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"The Wave" reveals strengths and priorities for medical research

- October 26, 2017

Dean David Anderson speaks at the launch event for "The Wave." (Jollymore photos)
Dean David Anderson speaks at the launch event for "The Wave." (Jollymore photos)

Dalhousie Medical School has announced its leading research teams and strategic research priorities, following a months-long application and review process known as “The Wave.”

“We put out a call for two levels, or waves, of applications from our research community,” explains Dr. David Anderson, Dean of Medicine. “For Wave 1, we asked teams that see themselves as internationally competitive to come forward with proposals. For Wave 2, we were looking for proposals from teams with the potential to be internationally competitive within three to five years.”

The goal of the process was to reveal the medical school’s strongest research teams, uncover their aspirations, and identify what they need to take their work to the next level of productivity and impact.

“Across the board, we heard that our research teams need new faculty positions, scholarships for trainees, bridge funding, and matching funds,” says Dr. Roger McLeod, the medical school’s associate dean of research and executive lead on the Wave process. “Now that we have a firm grasp of our research strengths, the tremendous potential that we have, and what’s needed to propel the work forward, we can confidently pursue the required funds from granting agencies and donors.”

A total of 27 research teams, involving 275 researchers, submitted Wave applications in the spring; a panel of senior research, health care and development experts — chaired by Dr. Tom Marrie, former Dean of Medicine and Nova Scotia Health Authority’s current VP of research — reviewed the applications over the summer and early fall. The medical school announced the results of the panel’s deliberations at a celebration in October, identifying two Wave 1 and two Wave 2 teams.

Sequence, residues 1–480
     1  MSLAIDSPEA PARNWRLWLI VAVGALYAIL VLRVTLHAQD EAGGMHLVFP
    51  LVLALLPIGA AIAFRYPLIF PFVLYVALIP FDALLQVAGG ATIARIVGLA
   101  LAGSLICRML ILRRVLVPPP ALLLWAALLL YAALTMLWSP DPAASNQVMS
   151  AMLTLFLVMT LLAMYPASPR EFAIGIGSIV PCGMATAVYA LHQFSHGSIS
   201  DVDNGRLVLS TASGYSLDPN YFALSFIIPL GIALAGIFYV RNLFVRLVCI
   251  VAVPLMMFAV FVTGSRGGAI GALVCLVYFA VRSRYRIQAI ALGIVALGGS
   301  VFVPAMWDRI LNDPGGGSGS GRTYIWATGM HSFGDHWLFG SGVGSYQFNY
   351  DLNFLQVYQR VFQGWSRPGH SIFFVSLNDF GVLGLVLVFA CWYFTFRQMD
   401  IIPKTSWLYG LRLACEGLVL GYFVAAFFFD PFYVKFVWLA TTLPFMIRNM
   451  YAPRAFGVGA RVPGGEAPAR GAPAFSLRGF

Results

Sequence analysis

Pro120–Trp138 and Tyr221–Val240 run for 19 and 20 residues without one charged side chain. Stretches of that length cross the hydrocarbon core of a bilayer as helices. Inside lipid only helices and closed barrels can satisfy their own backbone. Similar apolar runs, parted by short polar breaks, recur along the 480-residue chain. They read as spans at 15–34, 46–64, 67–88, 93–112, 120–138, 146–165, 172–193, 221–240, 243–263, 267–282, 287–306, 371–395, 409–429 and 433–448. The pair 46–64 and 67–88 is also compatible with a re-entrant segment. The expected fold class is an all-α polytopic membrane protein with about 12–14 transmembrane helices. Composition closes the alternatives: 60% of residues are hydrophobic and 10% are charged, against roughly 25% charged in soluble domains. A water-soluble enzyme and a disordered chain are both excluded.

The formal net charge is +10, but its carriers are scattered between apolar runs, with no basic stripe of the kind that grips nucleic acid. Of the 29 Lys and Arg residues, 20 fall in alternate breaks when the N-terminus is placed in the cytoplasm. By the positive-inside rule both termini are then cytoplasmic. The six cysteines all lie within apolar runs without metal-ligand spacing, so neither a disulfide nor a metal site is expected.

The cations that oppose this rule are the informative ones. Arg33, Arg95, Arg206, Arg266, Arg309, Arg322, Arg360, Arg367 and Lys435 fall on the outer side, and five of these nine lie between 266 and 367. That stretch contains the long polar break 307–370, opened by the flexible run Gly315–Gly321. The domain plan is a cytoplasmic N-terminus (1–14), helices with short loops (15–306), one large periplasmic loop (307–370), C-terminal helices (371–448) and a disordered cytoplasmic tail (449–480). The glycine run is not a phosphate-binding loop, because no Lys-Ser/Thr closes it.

Immune system, genomics on the crest of Wave 1


Two large research groups emerged as the Wave 1 leaders: Genomics in Medicine and I3V (Infection, Immunity, Inflammation & Vaccinology).

Each of these Wave 1 teams amalgamates several smaller groups with synergistic interests into a “super group” spanning the research spectrum from discovery science to preclinical and clinical research, as well as studies in health systems, epidemiology, policy, and ethics.

“One in fifteen babies is born with a genetic disease,” notes Dr. Chris McMaster (left), Genomics in Medicine team member and head of the Department of Pharmacology. “About 90 per cent of these are life limiting, and 95 per cent have no known treatment. This will change with new technologies that are dramatically accelerating the pace of genetic and drug discovery.”

The 70+ Genomics in Medicine researchers will not only advance the diagnosis and treatment of inherited genetic diseases—and unravel the genomes of disease-causing and health-promoting microbes—they will also identify and test targeted molecular treatments for the most prevalent genetic disease of all, cancer.

“We see the possibility of identifying the driver genes that are causing cancers and finding ways to turn them off,” Dr. McMaster says. “We aim to be on the leading edge of a new era of targeted, personalized treatment.”

The I3V team is also targeting cancer, by engineering viruses to selectively target and kill cancer cells. This is just one of many research streams underway through this large multidisciplinary group, involving 40 principle investigators, 9 departments, 100+ trainees and 80 long-term staff.

“We’re learning how we can harness microbes and the immune system itself to both prevent and eradicate disease,” says Dr. Jean Marshall, I3V team member and professor and former head of the Department of Microbiology & Immunology. “This includes everything from developing vaccines to prevent deadly infections, to exploring immune-modulating strategies for reversing chronic autoimmune diseases.”

The I3V team has deep roots in established research strengths at Dalhousie Medical School, the QEII Health Sciences Centre and the IWK Health Centre, and longstanding national and international partnerships with industry and academia.

Regional health priorities the focus of Wave 2